AECOM hired to do EIS on Navajo plant, Kayenta mine life extension

AECOM, a global provider of professional technical and management support, said Aug. 6 that it has been selected by the U.S. Bureau of Reclamation to prepare an environmental impact statement (EIS) for the continued operation of the Navajo Generating Station (NGS) and Kayenta Mine Complex (KMC).

The power plant is operated by the Salt River Project (SRP) and the mine by Peabody Western Coal, a unit of Peabody Energy (NYSE: BTU).

Authorizations for the continued operation of NGS and KMC require compliance with dozens of federal and tribal regulations, and jurisdictional approvals from about 10 cooperating government agencies, the company noted. Thus the need for an EIS.

Navajo Generating Station, which gets all of its coal from Kayenta, supplies 90% of the power needed by the Central Arizona Project (CAP) — the largest source of renewable water in the state of Arizona. Approximately 1,000 Native American workers are employed at the NGS and KMC facilities. With the NGS lease expiring in 2019, the recently approved lease amendment by the Navajo Nation and the subsequent authorizations by the federal agencies, which the EIS will assess, would extend the generating station’s operation until 2044.

Throughout the expected three to four year EIS preparation process, AECOM will work closely with Reclamation, the U.S. Office of Surface Mining, Bureau of Indian Affairs, and other co-operating agencies including the U.S. Army Corps of Engineers, U.S. Bureau of Land Management, U.S. Environmental Protection Agency, U.S. Fish and Wildlife Service, National Park Service and the U.S. Forest Service.

Among other things, AECOM air quality scientists and engineers will analyze greenhouse gas (GHG) emissions and climate change impacts, and compile and objectively review information and data to assure the best available science is used to assess potential impacts from the proposed continued operation of the generating station and mine complex. Senior biologists will evaluate and, if needed, propose mitigation for impacts to fish and wildlife, vegetation and wetlands, and will work with agencies, SRP, and Peabody to conduct an extensive ecological risk assessment in the region.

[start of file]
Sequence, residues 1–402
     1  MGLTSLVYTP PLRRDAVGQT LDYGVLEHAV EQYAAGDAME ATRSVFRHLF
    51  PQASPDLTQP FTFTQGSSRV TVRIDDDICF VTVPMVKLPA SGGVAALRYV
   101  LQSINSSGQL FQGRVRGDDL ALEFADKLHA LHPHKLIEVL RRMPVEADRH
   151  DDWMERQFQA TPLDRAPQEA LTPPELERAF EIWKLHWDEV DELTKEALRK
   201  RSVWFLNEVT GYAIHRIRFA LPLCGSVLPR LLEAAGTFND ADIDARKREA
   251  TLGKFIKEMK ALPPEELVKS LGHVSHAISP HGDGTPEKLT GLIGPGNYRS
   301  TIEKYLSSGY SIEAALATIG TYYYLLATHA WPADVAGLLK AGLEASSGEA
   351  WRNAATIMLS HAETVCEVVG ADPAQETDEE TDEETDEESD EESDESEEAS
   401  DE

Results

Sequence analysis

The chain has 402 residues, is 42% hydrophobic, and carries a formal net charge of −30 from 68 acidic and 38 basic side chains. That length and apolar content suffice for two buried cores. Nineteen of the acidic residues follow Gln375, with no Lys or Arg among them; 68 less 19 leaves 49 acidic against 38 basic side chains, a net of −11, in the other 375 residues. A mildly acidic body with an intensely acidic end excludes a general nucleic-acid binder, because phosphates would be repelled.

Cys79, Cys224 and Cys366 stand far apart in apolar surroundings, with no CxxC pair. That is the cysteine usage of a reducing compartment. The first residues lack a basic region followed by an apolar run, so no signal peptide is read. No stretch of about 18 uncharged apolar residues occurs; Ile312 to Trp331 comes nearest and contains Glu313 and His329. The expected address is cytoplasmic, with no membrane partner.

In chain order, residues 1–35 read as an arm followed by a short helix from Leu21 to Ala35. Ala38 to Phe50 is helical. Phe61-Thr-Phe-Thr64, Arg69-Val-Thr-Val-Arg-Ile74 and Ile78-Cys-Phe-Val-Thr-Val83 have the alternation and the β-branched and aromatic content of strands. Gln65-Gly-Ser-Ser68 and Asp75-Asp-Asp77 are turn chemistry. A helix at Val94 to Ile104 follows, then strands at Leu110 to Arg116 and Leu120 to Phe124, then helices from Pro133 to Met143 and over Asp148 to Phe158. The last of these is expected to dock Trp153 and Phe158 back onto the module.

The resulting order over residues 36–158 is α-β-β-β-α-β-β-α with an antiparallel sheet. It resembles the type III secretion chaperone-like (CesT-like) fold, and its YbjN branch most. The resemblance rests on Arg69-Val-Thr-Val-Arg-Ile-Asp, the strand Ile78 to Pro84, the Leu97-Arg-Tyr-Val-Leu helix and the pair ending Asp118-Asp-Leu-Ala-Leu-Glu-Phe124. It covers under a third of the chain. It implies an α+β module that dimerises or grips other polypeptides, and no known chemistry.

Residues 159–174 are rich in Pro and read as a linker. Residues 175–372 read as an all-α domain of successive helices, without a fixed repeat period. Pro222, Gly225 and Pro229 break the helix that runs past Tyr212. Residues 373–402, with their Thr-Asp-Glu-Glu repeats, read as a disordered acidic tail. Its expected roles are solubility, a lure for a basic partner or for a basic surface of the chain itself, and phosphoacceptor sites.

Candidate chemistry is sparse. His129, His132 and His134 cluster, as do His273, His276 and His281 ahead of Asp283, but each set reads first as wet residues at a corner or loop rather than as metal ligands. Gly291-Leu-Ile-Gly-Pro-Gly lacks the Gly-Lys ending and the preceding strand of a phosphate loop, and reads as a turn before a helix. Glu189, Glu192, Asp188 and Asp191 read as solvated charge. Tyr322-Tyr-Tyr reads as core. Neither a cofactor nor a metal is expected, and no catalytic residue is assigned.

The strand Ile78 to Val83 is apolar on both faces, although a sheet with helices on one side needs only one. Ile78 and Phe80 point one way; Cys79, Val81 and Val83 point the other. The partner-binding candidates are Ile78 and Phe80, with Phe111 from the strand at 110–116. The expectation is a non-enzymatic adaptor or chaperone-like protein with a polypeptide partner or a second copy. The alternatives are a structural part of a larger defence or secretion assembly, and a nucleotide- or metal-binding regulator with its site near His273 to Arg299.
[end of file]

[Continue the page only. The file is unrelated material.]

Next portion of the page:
Matthew Sutton, chief executive of AECOM’s environmental business, said: “We’re pleased to provide technical and project management experience to help ensure the success of this critically important environmental assessment project that will deliver water and energy to Arizona for more than 25 years.”

The owners of Navajo, in the meantime, have come up with a regional haze plan that calls for shutting one of the three 750-MW units at the plant, something that has become an increasingly common compliance option for Western power plants. EPA wants NOx emissions reduced by 84% at Navajo through the installation of selective catalytic reduction (SCR) systems on all three units. But an alternative plan now being submitted to the EPA would shut down one of three units by 2020, cutting pollution beyond what the EPA has proposed. The plant’s operator, SRP, said July 26 that the plan takes into account potential ownership changes and pushes back the implementation of expensive pollution controls.

Two plant owners, the Los Angeles Department of Water and Power and NV Energy, plan to get rid of their stakes in Navajo in an effort to cut their greenhouse gas emissions. SRP, the U.S. Bureau of Reclamation, Tucson Electric Power and Arizona Public Service also own shares of the power generated at the plant.

About Barry Cassell 20414 Articles
Barry Cassell is Chief Analyst for GenerationHub covering coal and emission controls issues, projects and policy. He has covered the coal and power generation industry for more than 24 years, beginning in November 2011 at GenerationHub and prior to that as editor of SNL Energy’s Coal Report. He was formerly with Coal Outlook for 15 years as the publication’s editor and contributing writer, and prior to that he was editor of Coal & Synfuels Technology and associate editor of The Energy Report. He has a bachelor’s degree from Central Michigan University.